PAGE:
Advertisement

Winnipeg grocery store owner says numerous customers have been victims of Bitcoin scams

Food Fare store owner Husni Zeid has put a sign on the Bitcoin machine in his store, warning customers of scams involving the cryptocurrency.
Food Fare store owner Husni Zeid has put a sign on the Bitcoin machine in his store, warning customers of scams involving the cryptocurrency. Marney Blunt / Global News

A Winnipeg grocery store owner is sounding the alarm over scams involving Bitcoin, after many of his customers were victimized.

Husni Zeid has put a large sign on the Bitcoin machine in his Food Fare store on Lilac Street, warning customers of phone scams involving the cryptocurrency.

“A lot of people are getting phone calls saying that they have to transfer the money to Bitcoin regarding CRA; we’ve had Manitoba Hydro as well,” Zeid told Global News.

READ MORE: Winnipeg ‘Fraud Café’ returns with expert advice on avoiding scams

Zeid and his staff say it’s happening multiple times a week.

“Yesterday (a) mom was in here and she said she gave all her savings to them and she was just crying. It was heartbreaking that she fell for it; it was sad,” employee Aura Morissette said.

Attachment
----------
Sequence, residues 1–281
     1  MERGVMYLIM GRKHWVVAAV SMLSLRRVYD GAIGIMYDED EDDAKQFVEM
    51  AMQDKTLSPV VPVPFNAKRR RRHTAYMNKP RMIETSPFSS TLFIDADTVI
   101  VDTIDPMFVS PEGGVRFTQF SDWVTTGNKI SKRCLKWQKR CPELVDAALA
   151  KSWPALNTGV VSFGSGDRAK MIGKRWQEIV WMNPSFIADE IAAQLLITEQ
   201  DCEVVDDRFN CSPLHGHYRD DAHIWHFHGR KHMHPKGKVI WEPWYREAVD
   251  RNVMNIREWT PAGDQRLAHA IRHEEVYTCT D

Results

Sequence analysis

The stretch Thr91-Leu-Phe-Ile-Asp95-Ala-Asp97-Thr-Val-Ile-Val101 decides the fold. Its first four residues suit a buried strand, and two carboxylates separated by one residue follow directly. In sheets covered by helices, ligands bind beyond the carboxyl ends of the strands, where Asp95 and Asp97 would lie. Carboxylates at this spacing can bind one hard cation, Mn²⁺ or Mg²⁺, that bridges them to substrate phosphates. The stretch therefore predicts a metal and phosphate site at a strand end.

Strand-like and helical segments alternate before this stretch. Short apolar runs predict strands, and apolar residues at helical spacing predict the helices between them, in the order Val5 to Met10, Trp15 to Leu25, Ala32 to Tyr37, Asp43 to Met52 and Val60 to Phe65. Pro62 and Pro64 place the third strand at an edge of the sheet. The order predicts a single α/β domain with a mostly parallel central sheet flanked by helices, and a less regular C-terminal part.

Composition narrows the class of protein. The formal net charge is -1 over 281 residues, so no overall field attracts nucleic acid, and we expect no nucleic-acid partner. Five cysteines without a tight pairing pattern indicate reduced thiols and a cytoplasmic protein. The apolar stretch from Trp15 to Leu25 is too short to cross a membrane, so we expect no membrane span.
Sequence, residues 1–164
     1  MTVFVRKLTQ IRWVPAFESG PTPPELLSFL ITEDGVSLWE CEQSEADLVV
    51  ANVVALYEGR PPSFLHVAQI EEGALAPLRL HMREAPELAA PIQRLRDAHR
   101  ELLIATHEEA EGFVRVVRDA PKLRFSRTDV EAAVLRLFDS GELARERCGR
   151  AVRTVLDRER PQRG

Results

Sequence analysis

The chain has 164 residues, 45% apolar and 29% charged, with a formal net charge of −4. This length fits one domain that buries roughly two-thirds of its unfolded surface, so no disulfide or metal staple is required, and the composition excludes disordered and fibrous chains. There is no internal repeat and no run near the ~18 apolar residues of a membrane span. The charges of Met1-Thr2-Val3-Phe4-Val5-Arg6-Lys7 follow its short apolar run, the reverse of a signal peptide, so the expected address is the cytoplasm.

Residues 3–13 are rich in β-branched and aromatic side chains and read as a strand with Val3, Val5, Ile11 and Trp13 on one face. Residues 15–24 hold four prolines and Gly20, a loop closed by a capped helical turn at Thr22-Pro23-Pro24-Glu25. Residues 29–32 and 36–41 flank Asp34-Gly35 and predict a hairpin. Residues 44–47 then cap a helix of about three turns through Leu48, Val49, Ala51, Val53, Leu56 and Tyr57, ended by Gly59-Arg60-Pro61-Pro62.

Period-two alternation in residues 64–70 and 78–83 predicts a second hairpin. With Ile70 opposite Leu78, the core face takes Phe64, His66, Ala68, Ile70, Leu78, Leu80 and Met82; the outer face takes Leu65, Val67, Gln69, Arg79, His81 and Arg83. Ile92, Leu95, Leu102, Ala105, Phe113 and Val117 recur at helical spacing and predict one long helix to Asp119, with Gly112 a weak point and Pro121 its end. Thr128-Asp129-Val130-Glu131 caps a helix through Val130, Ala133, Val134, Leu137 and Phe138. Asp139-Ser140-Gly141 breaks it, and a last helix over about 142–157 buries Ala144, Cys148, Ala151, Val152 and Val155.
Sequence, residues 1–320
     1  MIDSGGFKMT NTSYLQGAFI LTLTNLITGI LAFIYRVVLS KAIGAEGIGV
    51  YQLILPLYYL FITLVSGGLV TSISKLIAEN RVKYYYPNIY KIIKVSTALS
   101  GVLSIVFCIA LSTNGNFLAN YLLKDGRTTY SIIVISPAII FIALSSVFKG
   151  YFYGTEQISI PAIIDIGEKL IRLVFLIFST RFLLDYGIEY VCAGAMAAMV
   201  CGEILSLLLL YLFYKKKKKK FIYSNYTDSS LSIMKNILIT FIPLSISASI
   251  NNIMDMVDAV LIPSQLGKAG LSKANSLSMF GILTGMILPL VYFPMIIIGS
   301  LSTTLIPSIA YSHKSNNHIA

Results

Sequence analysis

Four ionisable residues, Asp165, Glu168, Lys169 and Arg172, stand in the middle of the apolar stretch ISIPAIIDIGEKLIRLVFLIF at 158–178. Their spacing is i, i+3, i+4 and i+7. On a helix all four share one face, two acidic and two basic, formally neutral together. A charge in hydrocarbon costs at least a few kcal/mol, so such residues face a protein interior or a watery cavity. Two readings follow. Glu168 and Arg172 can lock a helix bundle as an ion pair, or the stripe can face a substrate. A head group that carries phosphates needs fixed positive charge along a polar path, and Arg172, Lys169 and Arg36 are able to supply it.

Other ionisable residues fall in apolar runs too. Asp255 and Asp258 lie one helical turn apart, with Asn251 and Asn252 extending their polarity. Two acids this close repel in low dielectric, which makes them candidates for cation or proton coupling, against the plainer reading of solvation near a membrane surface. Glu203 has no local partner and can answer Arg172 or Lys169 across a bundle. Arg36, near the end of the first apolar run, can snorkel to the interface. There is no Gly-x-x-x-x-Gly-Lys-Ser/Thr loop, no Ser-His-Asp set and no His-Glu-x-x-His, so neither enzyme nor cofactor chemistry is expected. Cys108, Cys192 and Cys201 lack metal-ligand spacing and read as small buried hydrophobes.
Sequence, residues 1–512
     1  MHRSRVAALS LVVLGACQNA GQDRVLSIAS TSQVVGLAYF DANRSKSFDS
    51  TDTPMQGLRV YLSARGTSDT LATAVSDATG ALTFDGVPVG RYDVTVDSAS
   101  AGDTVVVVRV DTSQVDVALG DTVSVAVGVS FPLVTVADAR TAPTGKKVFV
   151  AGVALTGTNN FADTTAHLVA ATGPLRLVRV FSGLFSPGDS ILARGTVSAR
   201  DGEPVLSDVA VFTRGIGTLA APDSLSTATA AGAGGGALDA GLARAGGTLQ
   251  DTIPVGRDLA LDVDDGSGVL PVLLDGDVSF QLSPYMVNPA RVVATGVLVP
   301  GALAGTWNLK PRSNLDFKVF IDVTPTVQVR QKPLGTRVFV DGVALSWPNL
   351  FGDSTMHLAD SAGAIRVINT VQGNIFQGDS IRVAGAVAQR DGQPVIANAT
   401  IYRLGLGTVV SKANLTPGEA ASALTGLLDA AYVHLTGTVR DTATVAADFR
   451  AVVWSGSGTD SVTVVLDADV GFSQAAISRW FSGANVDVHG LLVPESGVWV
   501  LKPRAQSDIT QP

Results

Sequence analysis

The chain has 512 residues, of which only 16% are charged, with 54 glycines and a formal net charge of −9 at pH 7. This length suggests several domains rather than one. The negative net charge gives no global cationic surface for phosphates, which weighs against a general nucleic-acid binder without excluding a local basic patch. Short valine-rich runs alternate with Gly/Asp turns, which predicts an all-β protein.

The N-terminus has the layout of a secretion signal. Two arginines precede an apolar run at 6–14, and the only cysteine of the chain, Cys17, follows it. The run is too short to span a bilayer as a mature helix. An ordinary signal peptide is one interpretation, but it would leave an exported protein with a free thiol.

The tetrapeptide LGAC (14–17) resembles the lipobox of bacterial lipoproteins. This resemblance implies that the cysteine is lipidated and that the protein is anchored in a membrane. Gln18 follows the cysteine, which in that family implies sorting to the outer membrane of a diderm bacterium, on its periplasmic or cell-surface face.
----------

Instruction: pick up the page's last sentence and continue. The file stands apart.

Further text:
Story continues below advertisement

“And all she kept saying was ‘I have kids. (It) was awful.”

Winnipeg man loses hundreds from gift card scam
Winnipeg man loses hundreds from gift card scam

The Food Fare employees have also taken it upon themselves to help prevent customers falling victim to the scams.

“As soon as we see someone (using the Bitcoin machine) and they’re on their cell phone, we always sort of interject just to make sure they’re not on the phone with (the scammers),” Morissette added. “Usually they are.”

Zeid says he’s fed up with it, and wants to get the machine out of his store.

“It’s to the point where it’s (so) frustrating I’m making calls to the Bitcoin machine owner to remove the machine,” he said.

READ MORE: Manitoba Hydro customers targeted by scammers

Story continues below advertisement

According to the Canadian Anti-Fraud Centre, several types of extortion scams involve the scammers demanding Bitcoin as payment, and they often become threatening or try to play on emotions.

The centre says you should never give out personal information over the phone, including your name, address, social insurance number, birth date, credit card, or banking information.

They also encourage you to do your research and verify with the company the scammer is claiming to be from, and don’t be afraid to simply hang up the phone.

If think you have been a victim of a scam, you can report the scam your local RCMP detachment and the Canadian Anti-Fraud Centre at 1-888-495-8501.